A Layman’s Approach to Connected Car

I have a 2008 Volvo, no remote start, no advanced infotainment system, no companion app. As my car gets older, it reveals more problems, mostly the “check engine” light is on. What does it really mean? After some research, I learned that there is a capability called On-Board Diagnostics (OBD), which is a standard in all cars. Then I bought an OBD scanner with Bluetooth from Amazon like this one, installed Torque Pro. The app is capable of translating code from OBD to human-readable description.

This is cool and all. But the real fun begins when you can build something on top of OBD data and make your car connected, sort of. My idea is to upload real-time car data, such as speed, fuel level to the cloud, then I can ask Alexa what the status is. In order to accomplish that, I need a Raspberry Pi 3 (which has a built-in Bluetooth adapter) and my smartphone (which serves as a hotspot). The Pi reads car data from OBD scanner via Bluetooth, uploads to AWS DynamoDB via hotspot. Build an Alexa skill that can read data from DynamoDB and respond:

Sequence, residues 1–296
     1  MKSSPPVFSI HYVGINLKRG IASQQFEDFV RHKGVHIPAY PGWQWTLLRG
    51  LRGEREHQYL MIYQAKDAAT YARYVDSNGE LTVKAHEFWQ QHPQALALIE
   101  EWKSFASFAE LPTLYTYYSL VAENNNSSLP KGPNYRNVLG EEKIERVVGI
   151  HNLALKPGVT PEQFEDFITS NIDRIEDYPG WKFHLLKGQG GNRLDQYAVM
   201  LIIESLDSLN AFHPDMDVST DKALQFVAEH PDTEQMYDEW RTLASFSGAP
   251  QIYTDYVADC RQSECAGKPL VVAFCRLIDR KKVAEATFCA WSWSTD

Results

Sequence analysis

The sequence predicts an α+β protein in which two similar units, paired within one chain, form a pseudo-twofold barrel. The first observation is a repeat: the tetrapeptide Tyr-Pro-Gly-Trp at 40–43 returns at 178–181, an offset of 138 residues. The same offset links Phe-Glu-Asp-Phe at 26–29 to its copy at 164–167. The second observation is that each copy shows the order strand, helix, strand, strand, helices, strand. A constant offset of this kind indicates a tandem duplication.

Me: “Alexa, ask My Volvo what is my current fuel level?”
Alexa: “Your fuel level is at 60%”

The step-by-step instruction is available on my GitHub. I think having these little projects after a long week of work is super fun and rewarding!